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Those who have read posts from April 2014 onwards will know that we moved into a house that had suffered from much bodged D.I.Y. We are only putting this right at a very slow pace.
Here is our badly painted crooked mantelpiece made from a bit of wood trimmed with beading. Note the gaps behind the tiles stuck onto the walls, and that between the shelf and the wall.
We can’t stand it any more, so we travelled to Ace Reclamation in West Parley to investigate surrounds created from reclaimed timber. We are now to submit a measured drawing to have one made for us.
Our morning was spent in heavy rain. Here is the entrance to the architectural salvage outlet. The staff member waving in the distance is acknowledging the postwoman who has just delivered the mail to
an old postbox which serves as Ace Reclamation’s letterbox. This is what that looked like through our car windscreen.
Readers can already imagine that I wasn’t about to make a complete inventory in the rain, however I did what I could. This yard is a wonderful repository of artefacts and materials. There are garden ornaments and furniture galore, some of which, on past visits, has found its way to Downton. Figures in stone and bronze, a giant cockerel, carriage lamps, urns, tiles, timber, rust, telephone boxes, a suit of armour, a mangle, a garden roller, gargoyles, can all be found therein. You could enjoy happy hunting in reality, or, if you’d prefer to stay dry, virtually, through searching through these photographs.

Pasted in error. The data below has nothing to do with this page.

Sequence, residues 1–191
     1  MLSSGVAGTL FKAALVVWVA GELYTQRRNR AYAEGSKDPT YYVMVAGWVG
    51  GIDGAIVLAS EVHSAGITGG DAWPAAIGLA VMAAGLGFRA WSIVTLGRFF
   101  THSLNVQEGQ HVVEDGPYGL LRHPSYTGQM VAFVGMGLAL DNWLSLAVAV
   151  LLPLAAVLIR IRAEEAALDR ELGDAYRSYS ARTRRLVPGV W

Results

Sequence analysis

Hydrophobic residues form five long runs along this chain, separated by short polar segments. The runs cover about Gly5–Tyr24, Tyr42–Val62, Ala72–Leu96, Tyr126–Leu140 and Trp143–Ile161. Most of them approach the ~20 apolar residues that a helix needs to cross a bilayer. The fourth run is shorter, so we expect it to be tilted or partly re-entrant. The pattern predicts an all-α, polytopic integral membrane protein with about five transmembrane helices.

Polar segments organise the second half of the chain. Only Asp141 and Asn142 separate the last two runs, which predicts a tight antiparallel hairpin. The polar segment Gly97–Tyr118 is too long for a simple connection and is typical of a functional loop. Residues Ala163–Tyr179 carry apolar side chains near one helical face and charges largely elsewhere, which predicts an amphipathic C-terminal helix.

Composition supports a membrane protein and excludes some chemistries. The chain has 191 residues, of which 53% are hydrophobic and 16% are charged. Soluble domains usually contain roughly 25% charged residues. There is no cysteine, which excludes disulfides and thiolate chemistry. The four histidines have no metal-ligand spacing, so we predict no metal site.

The wooded areas on either side of the long, unmade, road, the potholes in which give a whole new meaning to the phrase ‘off the beaten track’, are waterlogged.
The ditches are filling up fast,
and flooding a paddock,
in which stood three damp horses, two of which were a sandy colour I have not seen before.
Mind you, the gorse glowed a grateful golden yellow.
On our way home we visited Friar’s Cliff Café for brunch. There was just one other customer couple who had braved the blustery seafront to reach the comfort always available there.
This was the sea through the rain-splashed window.
Anyone who has seen a photograph of a Friar’s Cliff Café breakfast will not be surprised to learn that a selection of small Asian snacks, such as samosas and spring rolls, more than satisfied us for our evening meal with which jackie drank Hoegaarden and I finished the Cahors.